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Friday, June 30, 2006

Reuven Kaminer on Israeli & Palestinian States

Avery guest-blogging for Rodger

Last week I went to hear a talk by Reuven Kaminer, one of the deans of the Israeli left. He comes from an amazing family; his wife, Dafna, is a founder of Women in Black, who hold vigils every week against the Occupation and settlements. His grandson just finished serving a two-year sentence for refusing to serve in the Occupied Territories. And Reuven is no slouch himself; he is a founder of the New Israeli Left, a member of the Democratic Front for Peace & Equality (one of the “Arab Parties” seated in the Knesset), a prolific author and activist.

This genealogy might lead one to think that Kaminer would be some leftist firebrand. Other people whose intellectual and political orientation is no farther left, such as Michel Warschawsky, scorn the pro-Zionist leftist movements such as Peace Now for being “Left Colonizers”; others, like the Haifa University professor Ilan Pappe, supports a 100% right of return for all Palestinian refugees to their homes in what is now Israel, and the abolition of ethnically identified states. Kaminer is a member of Peace Now recently had an important critique (scroll down 2/3) of Pappe published in the London Review of Books.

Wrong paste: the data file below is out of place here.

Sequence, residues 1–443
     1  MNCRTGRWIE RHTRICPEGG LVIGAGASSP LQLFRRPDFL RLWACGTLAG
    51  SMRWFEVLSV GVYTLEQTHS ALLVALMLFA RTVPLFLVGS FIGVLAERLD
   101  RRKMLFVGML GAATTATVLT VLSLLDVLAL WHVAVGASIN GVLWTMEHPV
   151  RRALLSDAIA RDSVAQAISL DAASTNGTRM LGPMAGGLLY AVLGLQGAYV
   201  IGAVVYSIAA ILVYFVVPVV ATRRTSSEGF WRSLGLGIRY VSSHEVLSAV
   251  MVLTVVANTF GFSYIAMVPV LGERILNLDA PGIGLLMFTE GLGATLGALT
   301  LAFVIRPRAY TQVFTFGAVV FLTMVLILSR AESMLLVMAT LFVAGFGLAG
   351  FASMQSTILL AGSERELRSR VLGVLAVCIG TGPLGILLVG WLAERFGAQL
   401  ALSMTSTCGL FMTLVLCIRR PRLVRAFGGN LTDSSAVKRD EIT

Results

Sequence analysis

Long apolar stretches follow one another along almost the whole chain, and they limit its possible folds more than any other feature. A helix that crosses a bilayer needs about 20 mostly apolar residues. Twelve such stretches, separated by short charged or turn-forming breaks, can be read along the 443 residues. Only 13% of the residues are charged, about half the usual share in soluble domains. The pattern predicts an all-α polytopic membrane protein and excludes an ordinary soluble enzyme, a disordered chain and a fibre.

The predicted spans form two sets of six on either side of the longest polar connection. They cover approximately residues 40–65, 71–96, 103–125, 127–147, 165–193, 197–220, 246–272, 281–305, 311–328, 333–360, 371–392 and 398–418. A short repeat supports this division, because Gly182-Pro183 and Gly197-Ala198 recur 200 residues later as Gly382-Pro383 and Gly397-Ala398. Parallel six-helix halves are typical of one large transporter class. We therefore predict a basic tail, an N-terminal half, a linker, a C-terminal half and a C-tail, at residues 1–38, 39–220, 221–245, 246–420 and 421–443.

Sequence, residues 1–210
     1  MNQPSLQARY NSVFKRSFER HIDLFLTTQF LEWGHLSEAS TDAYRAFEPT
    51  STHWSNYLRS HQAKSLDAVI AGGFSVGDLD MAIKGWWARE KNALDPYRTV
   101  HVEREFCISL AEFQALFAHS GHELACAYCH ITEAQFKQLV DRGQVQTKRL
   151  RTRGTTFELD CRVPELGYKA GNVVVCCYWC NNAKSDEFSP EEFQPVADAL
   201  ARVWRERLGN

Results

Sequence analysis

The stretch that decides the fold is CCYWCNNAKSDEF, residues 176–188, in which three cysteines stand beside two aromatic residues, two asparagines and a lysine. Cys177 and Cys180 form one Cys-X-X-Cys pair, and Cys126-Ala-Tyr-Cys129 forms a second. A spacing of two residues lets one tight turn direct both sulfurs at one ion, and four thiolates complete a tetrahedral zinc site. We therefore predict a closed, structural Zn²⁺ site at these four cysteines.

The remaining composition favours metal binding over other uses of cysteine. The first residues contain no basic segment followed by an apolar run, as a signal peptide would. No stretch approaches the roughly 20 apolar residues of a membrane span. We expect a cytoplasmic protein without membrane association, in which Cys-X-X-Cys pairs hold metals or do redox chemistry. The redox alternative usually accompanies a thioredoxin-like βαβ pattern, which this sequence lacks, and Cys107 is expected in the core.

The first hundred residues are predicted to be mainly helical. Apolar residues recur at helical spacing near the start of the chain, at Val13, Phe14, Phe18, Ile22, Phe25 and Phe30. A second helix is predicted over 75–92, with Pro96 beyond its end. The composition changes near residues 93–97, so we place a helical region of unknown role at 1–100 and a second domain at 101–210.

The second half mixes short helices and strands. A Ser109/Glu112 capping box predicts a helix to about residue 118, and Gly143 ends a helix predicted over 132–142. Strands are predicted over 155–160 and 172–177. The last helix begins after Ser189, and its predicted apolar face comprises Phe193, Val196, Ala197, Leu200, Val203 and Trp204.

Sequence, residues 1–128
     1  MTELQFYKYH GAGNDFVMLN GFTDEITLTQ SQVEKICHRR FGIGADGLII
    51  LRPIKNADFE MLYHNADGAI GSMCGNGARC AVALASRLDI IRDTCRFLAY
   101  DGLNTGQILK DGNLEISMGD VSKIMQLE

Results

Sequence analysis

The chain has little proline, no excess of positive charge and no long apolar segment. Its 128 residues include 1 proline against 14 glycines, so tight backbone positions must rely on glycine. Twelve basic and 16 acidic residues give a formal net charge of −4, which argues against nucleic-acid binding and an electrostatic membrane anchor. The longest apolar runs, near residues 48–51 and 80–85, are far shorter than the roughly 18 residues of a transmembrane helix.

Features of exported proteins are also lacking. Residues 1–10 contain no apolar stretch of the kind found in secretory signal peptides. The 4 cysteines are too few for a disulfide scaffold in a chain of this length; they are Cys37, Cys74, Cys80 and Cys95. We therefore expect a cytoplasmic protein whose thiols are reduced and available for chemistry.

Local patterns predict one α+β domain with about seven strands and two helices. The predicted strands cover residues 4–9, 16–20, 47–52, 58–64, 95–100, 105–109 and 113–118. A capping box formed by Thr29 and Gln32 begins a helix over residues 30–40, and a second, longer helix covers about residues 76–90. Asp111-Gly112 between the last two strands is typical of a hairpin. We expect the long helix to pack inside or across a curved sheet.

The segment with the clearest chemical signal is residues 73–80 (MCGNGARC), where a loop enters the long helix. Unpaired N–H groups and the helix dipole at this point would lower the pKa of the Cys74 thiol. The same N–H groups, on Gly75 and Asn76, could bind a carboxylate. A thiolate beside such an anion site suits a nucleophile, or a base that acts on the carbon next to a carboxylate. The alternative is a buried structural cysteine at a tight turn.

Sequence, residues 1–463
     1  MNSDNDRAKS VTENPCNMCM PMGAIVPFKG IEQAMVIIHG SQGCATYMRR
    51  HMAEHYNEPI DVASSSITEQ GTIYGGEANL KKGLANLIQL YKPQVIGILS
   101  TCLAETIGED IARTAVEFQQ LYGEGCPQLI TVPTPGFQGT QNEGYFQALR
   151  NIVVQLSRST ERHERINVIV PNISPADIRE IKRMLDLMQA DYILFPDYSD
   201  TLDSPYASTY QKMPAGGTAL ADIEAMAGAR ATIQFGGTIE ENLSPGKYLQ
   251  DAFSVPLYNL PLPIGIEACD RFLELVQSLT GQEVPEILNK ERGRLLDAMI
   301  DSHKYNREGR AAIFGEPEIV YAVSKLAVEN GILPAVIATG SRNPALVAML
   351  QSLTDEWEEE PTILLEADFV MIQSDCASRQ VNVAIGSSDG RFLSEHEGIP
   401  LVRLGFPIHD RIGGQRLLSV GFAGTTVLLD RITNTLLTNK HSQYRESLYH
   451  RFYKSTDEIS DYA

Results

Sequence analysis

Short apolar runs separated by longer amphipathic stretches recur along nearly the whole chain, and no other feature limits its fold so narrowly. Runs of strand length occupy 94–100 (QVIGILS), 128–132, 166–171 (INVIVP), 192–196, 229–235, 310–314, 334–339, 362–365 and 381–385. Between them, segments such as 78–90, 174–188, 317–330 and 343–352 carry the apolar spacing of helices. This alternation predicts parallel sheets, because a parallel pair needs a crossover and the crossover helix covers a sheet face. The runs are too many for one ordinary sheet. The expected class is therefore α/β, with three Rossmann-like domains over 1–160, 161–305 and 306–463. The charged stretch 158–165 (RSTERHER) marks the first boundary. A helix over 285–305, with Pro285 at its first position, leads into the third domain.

Despite having myself recently given up on my lifelong commitment to two states and come to the conclusion that a viable and just two-state solution is impossible, I came away thinking that Kaminer’s two-statism is the better position.

Kaminer argued that the Occupation—now in its 39th year—is destroying Israel and, if it continues, will eventually destroy the Jewish people. To get a sense of the Occupation’s fundamental impact on the state of Israel, it is well to remember that Israel was founded in 1948; it has been an occupying power for 2/3 of its existence. Nearly every Jewish Israeli male has served in the occupation, if not during his 3-year term of conscription, then while doing reserve duty. Obviously, it’s hard to say exactly what would be different if the Occupation had never happened. I don’t want to sound like a romantic, but when Israel was founded it aspired to be an egalitarian socialist society (albeit in denial about the displacement of Palestinians) with strong kibbutz and labor movements and relatively little emphasis on religion. It is now the most economically stratified country in the industrialized world, the kibbutz movement has been eviscerated, and, thanks in part to the settler movement, religion is one of the most important and divisive elements in Israeli politics. Arguably, the Occupation has become the central organizing feature of Israeli life.

According to Kaminer, every single viable solution to the conflict, no matter who proposes it, shares three pillars: 1. A Palestinian state on all the land captured from Jordan and Egypt in 1967 (or with alterations only if based on a swap); 2. Jerusalem as the capital of both states; and 3. Some improvement in the condition of the refugees.